Defining Clinically Meaningful Outcomes
This is another in an intermittent continuing series about our national emerging focus on defining value and quality in health care. There are multiple stake holders in this conversation, but, surely, physicians and patients are right in the center. Almost all of us want to live as long as possible, but it quickly becomes complicated when questions of quality of life are included in the equation. We may feel very differently, one from another, about "what is worth it". There is a whole field of study called "response shift" about changing acceptance--meaning that a person might say: "I don't want to live if I can't walk", and then likely would find plenty of reasons to adapt to those changed circumstances.
I do suspect that each of us has a line in the sand, so to speak. There is a time for almost all, if not all of us, to say "enough", and the national conversation needs to allow plenty of time and space for physicians and patients to have those important conversations. But I digress a bit. In the interest of full disclosure, this excellent essay from the ASCO Daily News is by my husband. He has been leading ASCO's efforts in this project, and is finding himself in the middle of intense controversy. This essay focuses on current attempts to define clinically meaningful outcomes in research trials; this clearly is linked to public policy and health care costs--but also to common sense.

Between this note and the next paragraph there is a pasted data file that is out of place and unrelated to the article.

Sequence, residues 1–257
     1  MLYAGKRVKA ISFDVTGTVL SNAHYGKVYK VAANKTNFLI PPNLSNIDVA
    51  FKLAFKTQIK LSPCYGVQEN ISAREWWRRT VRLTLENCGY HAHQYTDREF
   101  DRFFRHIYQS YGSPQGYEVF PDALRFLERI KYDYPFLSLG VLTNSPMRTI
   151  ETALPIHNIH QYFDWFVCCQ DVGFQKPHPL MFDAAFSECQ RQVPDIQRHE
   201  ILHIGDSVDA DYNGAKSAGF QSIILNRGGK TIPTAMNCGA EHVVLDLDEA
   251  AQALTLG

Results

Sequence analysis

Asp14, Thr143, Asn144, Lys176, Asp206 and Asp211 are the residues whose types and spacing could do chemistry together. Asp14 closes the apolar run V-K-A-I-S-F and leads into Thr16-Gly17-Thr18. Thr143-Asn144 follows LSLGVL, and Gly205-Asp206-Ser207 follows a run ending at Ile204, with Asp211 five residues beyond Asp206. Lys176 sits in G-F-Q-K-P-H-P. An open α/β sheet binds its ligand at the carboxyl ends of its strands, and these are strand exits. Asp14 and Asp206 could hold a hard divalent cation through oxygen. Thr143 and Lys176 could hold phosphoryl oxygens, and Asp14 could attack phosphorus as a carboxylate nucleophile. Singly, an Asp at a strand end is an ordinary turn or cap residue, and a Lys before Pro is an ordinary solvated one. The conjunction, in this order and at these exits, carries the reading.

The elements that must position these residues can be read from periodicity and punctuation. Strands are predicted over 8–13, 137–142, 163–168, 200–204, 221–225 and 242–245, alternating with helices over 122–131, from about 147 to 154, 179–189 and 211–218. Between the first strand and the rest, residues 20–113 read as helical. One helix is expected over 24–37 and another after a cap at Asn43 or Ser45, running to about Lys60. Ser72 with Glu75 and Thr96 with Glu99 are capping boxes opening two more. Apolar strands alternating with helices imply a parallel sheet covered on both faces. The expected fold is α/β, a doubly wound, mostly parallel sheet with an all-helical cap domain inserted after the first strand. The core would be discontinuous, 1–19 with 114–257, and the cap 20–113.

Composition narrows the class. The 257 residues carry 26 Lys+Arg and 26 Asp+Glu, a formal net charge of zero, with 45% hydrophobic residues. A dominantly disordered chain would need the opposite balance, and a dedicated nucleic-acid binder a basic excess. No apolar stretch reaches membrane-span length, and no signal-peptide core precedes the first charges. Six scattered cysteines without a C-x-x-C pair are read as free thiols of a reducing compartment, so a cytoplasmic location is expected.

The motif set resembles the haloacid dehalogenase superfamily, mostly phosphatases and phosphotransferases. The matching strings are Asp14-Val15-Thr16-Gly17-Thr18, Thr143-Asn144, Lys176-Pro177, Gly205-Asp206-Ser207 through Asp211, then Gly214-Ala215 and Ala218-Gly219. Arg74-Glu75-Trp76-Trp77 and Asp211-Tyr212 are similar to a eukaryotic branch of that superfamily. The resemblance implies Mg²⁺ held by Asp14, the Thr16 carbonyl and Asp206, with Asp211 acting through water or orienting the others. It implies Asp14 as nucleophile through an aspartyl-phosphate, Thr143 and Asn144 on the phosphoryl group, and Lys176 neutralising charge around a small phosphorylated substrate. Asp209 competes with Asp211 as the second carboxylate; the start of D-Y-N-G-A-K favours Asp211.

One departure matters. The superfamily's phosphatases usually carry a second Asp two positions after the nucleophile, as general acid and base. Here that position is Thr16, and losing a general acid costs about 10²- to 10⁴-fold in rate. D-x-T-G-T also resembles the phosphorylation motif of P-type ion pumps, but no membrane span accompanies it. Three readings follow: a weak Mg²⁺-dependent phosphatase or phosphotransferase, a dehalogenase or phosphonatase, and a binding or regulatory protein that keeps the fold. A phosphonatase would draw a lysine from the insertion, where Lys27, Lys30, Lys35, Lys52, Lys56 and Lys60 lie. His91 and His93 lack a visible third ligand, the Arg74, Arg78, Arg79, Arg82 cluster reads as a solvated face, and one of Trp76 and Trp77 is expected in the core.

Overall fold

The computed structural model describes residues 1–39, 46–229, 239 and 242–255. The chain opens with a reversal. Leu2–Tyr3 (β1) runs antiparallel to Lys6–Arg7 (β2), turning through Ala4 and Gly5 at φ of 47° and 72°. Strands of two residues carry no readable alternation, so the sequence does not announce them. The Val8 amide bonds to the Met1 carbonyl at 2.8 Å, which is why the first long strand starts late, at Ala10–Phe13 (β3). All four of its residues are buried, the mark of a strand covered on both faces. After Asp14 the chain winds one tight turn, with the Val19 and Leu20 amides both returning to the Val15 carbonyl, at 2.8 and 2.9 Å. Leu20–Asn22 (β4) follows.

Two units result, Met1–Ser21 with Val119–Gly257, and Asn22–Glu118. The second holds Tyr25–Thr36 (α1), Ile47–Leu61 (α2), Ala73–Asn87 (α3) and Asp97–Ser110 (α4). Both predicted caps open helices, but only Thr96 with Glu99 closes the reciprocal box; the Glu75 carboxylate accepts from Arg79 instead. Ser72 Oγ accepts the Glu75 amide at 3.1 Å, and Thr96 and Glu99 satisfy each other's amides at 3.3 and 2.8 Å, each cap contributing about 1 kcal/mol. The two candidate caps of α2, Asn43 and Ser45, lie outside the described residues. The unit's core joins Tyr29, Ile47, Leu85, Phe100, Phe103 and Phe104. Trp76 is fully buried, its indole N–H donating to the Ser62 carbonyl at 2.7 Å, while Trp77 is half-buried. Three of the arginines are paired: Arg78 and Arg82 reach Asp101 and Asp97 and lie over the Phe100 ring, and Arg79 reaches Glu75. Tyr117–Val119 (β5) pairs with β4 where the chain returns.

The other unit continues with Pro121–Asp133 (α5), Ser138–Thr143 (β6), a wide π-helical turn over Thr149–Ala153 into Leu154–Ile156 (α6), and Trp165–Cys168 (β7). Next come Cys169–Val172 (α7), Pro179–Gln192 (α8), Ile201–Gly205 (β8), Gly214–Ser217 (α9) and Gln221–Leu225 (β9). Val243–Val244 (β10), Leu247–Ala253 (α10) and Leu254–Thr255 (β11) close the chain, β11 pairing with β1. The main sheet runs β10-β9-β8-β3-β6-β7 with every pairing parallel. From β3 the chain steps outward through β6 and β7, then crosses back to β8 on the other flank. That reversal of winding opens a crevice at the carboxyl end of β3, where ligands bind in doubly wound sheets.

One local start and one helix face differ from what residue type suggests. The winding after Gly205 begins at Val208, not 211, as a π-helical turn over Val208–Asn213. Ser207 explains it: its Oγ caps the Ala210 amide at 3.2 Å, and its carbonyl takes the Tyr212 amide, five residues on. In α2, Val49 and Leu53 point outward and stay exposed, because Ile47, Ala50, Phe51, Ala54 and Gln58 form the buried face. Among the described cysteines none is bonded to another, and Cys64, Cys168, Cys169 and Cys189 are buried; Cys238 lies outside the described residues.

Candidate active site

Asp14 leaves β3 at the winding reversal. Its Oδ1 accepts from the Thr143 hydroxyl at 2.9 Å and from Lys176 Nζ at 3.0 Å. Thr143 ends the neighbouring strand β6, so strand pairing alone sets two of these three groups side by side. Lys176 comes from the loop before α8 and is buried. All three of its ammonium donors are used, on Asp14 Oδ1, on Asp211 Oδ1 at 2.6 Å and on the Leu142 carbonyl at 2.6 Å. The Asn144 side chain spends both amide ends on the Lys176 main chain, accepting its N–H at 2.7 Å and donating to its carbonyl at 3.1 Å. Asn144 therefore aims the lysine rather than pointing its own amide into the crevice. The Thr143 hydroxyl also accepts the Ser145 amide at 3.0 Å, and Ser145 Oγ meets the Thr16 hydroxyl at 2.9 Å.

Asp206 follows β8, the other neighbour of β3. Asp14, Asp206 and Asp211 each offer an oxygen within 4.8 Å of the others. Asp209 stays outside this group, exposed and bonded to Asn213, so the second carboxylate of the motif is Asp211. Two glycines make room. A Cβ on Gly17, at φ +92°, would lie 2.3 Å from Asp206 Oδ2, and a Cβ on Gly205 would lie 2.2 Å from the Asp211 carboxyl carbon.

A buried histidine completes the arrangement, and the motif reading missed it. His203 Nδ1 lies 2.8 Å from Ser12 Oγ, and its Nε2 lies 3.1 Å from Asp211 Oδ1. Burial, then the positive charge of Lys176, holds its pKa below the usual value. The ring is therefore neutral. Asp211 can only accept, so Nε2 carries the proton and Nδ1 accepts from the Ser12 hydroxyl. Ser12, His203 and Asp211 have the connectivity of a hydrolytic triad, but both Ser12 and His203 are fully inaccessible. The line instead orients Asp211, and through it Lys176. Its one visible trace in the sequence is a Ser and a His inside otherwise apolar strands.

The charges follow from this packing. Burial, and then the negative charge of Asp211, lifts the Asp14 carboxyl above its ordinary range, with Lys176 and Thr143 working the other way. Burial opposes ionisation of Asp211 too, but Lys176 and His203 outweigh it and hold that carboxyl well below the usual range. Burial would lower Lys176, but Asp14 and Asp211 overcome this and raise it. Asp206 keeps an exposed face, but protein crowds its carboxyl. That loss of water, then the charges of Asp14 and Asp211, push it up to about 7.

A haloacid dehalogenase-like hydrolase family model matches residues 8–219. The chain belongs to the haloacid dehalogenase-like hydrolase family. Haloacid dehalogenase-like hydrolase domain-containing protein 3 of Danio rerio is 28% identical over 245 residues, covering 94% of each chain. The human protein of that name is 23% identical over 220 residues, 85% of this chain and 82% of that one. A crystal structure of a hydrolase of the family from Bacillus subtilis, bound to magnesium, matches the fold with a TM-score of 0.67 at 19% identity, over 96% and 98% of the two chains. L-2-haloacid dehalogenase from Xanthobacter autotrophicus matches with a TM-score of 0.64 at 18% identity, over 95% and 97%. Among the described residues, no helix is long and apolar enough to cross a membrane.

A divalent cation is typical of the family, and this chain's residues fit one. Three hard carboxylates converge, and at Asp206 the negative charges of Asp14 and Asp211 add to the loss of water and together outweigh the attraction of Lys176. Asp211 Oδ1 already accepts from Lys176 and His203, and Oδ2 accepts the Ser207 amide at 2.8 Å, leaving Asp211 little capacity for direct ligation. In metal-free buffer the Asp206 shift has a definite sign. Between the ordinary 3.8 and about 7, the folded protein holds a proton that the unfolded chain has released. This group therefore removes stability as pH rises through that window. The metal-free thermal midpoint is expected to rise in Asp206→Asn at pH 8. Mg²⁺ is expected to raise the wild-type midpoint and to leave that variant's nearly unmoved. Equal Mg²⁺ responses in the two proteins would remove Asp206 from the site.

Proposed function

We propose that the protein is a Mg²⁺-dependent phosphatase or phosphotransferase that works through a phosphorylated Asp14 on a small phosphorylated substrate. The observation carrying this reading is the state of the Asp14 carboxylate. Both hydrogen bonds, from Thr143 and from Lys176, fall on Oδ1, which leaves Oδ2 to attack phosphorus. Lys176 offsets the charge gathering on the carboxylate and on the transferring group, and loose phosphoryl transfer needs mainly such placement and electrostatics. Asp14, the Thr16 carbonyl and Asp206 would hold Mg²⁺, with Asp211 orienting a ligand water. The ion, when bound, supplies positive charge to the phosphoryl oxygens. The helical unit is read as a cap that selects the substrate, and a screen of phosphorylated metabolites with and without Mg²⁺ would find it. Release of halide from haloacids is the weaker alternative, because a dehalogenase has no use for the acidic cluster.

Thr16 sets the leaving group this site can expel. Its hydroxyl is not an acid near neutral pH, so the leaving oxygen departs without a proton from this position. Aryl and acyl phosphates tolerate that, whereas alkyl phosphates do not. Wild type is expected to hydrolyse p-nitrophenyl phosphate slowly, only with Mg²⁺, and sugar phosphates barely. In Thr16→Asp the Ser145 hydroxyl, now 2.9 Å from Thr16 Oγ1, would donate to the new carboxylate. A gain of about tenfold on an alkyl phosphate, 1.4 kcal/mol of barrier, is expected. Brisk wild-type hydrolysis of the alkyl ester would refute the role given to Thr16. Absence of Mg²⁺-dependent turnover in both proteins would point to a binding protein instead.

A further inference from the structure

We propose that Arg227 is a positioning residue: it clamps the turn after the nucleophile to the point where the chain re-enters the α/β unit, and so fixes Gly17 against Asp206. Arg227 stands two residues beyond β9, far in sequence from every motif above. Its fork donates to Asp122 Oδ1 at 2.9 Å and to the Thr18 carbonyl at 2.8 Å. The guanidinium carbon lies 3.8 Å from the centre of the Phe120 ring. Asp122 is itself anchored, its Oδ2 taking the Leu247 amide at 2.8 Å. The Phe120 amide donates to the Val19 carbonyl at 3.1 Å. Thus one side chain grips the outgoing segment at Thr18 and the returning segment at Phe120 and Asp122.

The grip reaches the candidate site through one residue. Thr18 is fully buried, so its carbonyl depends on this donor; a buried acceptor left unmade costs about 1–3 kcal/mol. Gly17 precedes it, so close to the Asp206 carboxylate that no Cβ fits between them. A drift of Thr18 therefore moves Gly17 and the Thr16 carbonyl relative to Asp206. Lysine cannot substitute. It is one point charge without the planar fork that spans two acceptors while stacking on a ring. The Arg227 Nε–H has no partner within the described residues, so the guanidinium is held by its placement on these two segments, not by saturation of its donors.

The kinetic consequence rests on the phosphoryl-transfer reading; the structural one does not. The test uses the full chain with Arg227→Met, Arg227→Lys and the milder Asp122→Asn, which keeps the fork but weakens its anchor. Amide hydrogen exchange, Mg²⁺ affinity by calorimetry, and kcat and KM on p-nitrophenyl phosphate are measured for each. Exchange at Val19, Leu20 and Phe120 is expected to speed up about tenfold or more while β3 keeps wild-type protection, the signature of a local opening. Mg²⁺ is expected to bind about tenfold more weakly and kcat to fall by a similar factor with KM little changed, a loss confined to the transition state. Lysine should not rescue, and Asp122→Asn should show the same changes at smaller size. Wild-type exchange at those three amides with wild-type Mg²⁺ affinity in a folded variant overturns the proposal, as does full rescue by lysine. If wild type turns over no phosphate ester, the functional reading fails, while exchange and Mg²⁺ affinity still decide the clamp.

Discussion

Here is the start and a link.
Clinically Meaningful Outcomes in Research: An Important Step Toward Achieving High-Value Cancer Care
In this issue of the ASCO Daily News, there is a discussion of an ASCO initiative to define clinically meaningful
outcomes (CMO) in clinical trials. An undertaking of the ASCO Cancer Research Committee, this endeavor was
stimulated by dissatisfaction with the modest increment in benefit associated with many new antineoplastic therapies and by the realization that in the era of molecular oncology, it should be feasible to set our sights higher.
Despite enormous growth in our understanding of the biology of the cancer process, the track record for developing “breakthrough” drugs that lead to cures of advanced cancers has been disappointing. High-impact agents such as imatinib mesylate or trastuzumab are few in number. Many agents in development never make it to market, and result in modest prolongation in survival at the expense of added toxicities and great financial cost. Over the past several years the U.S. Food and Drug Administration (FDA) has approved a large number of new anticancer . The majority of these extend life by only a few months, if at all, when compared with standard treatments.
Many of these new agents cost between $5,000 and $7,000 per month.1 We must find a way to do better.
As our understanding of the aberrant pathways that drive cancer increases, genomic and proteomic analyses give us the capability of defining subsets of patients who, because of the molecular characteristics of their cancers, might benefit from targeted therapy. Diagnostic assays that validate the presence or absence of a target will follow (in some cases they are already here). At this juncture, “smart trials” that include those patients whose disease expresses the validated target(s) represent the groups that will be the focus of enrollment